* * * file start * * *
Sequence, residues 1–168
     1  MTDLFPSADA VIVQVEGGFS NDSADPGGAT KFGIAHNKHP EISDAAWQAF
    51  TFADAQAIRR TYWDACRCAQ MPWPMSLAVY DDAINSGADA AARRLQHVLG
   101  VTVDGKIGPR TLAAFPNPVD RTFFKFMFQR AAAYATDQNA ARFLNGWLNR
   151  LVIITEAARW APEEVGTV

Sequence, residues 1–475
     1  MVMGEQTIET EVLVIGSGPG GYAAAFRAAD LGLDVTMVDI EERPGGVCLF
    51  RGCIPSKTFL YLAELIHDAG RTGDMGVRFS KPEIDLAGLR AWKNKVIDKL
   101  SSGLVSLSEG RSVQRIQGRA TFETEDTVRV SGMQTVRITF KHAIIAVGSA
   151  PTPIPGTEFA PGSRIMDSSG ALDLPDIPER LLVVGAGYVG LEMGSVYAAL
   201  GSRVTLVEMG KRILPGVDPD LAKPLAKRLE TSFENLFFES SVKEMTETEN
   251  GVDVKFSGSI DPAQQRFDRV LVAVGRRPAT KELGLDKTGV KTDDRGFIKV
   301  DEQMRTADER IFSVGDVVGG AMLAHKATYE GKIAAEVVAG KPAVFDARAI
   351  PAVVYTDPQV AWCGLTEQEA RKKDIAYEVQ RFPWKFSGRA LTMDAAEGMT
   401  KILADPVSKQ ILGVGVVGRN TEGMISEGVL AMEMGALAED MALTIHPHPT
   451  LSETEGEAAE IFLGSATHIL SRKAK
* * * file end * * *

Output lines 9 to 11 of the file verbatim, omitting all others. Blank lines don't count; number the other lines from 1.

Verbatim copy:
   101  SSGLVSLSEG RSVQRIQGRA TFETEDTVRV SGMQTVRITF KHAIIAVGSA
   151  PTPIPGTEFA PGSRIMDSSG ALDLPDIPER LLVVGAGYVG LEMGSVYAAL
   201  GSRVTLVEMG KRILPGVDPD LAKPLAKRLE TSFENLFFES SVKEMTETEN